Sprinkler system noise reduction

Discussion in 'Irrigation' started by andersa, Mar 28, 2007.

  1. andersa

    andersa LawnSite Member
    Posts: 30

    Hello experts,

    I have a couple of issues with my residential sprinkler system. I have a couple of ideas of how to remedy those issues, but I would like to run them by you before I attempt to implement them and possibly waist money and well, perhaps make things worse.

    The first issue I have is with noise. No, not water hammer, but just the noise from the water running through the copper pipes in the basement. Although our bedrooms are on the 2nd story, as soon as the sprinkler system starts in the morning, I wake up from the noise. After finding and reading www.irrigationtutorials.com last year when I was researching drip irrigation, I have concluded that the noise is all related to the velocity of the water running through the copper pipes and my thinking is that if I reduce the velocity I also reduce the noise.

    Let me first describe my current setup;

    1” copper pipe enters through the basement floor, followed by a pressure reducer, followed by a 5/8” water meter and then 35’ of ¾” copper to the outside, where a Wilkins 720a ¾” PVB is mounted 4’ of ¾” to copper below ground, into 6’ of 1” PVC to the manifold and valve box.

    Now, the system is under dimensioned. I found out using the bucket filling exercise, that I have roughly 10 GPM and 95 PSI (well, I found out the PSI by using a pressure gauge). But most stations exceed 10 GPM. I have for example a station with 7 PGP heads with the #5 nozzle => 14 GPM. To make matters worse, two heads do 360, 1 head does 90, and the rest do 180. Or at least the used to have the #5, I have messed with it since I discovered this, i.e., I have replaced nozzles and tried to balance the water use a bit, but needless to say, the grass is still not green! The rest of the system is not much better…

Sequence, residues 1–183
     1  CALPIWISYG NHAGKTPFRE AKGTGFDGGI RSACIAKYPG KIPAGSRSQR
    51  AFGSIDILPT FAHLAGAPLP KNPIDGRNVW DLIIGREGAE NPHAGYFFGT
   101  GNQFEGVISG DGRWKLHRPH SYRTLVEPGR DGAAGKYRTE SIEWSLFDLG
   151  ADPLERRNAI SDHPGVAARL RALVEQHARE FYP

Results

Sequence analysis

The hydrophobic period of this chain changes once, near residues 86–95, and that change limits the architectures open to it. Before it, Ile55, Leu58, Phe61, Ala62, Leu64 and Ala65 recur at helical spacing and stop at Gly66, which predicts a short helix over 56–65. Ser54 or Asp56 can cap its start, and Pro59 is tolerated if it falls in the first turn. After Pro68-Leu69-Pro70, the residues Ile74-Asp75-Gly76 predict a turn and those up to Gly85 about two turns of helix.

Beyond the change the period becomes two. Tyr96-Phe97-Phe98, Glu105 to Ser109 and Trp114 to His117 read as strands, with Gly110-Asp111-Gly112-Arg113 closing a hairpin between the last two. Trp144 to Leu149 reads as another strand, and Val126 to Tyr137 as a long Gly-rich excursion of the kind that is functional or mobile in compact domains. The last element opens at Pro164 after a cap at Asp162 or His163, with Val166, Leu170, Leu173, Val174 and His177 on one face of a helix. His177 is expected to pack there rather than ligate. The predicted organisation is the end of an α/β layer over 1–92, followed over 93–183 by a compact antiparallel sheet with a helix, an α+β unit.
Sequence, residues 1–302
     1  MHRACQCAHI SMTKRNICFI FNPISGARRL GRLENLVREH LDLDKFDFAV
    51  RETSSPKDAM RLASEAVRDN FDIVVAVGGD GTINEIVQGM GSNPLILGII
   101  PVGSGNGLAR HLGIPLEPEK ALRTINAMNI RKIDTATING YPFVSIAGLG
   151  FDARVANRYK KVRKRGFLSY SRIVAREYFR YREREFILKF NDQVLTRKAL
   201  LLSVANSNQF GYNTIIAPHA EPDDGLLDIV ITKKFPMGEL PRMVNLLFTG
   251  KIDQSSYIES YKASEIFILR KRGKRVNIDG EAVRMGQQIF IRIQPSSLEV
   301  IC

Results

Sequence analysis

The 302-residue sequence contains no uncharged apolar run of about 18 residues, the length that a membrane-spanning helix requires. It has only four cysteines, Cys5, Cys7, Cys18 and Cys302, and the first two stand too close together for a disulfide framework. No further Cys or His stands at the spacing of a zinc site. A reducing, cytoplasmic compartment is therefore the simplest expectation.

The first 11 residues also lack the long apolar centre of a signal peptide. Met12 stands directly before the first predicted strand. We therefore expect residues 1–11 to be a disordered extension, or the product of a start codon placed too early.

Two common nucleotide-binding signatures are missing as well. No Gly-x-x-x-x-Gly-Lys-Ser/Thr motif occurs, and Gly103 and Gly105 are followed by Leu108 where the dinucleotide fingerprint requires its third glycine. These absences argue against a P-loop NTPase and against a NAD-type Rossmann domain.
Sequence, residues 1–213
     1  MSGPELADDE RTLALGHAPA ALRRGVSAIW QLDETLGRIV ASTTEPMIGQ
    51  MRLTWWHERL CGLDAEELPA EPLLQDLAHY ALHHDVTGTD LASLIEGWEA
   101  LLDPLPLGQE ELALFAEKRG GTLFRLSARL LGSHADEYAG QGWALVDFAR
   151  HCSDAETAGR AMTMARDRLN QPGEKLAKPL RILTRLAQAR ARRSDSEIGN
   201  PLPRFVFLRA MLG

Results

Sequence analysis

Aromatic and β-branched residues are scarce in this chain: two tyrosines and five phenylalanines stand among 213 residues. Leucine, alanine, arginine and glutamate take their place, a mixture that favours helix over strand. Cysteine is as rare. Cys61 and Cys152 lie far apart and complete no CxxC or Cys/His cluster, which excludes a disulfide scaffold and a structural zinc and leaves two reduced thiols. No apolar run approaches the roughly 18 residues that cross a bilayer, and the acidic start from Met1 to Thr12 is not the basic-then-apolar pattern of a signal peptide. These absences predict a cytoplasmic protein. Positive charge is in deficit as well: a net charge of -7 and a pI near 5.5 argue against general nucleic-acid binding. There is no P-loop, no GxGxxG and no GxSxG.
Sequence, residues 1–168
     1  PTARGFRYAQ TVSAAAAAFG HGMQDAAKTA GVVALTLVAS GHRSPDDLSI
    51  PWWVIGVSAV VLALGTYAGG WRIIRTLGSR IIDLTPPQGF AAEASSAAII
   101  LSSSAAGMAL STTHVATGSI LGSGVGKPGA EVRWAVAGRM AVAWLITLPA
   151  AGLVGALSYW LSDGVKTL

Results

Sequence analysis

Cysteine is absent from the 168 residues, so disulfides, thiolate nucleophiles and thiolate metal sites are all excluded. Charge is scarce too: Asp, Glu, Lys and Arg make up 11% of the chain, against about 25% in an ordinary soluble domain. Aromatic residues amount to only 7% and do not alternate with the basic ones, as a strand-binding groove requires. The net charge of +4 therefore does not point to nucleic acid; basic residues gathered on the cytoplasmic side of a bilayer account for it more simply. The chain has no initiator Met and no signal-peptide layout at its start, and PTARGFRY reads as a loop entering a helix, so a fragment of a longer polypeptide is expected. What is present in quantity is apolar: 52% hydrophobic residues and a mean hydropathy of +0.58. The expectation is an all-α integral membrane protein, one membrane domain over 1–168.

So, on to my first question re the noise;
    As I am in the process of finishing the basement, my window of opportunity for fixing things in the basement is coming to an end. First, I was thinking that to reduce the racket in the basement, I should replace the ¾” copper, from the water meter to the outside PVB with a 1 ½” copper line. But since copper is expensive, I figured a more cost effective solution would be to simply add a second ¾” copper line in parallel from i.e. the water meter to the outdoor PVB. The sum would be of course not be the equivalent of a 1 ½” pipe, (I am assuming, since the square area of 2 x ¾” is 0.88 sqin, vs. 1.76 sqin for the 1 ½”) but would at least hopefully cut the water velocity in half and thus cut down on the noise. Of course, there are now two sources of noise though, i.e. two pipes, so is my theory correct that the noise generated from the water velocity would be reduced, or will it be even noisier?
    Second part of this question is what to do at the end of the parallel lines if I go this route; i.e., should I simply merge them into the a single ¾” copper pipe before leaving the house and allow me to reuse the existing PVB, or should I perhaps join them into a 1 ¼” pipe (1 ¼” because it is slightly larger square – 1.23 than 2 x ¾”) just before leaving the house and upgrade the PVB to a 1 ¼” on the outside, just to make sure that no or at little noisy ¾” pipe/equipment is being part of the system, in case the PVB adds to the noise? I have a feeling it does, but I have no proof. Since large dimension PVBs are fairly expensive, at least the few I have found on the net so far, I really like some expert advice on this. I’m also thinking of upgrading the water meter to a 1” version, just to be on the safe side of noise reduction, as well as hopefully getting some much needed extra capacity.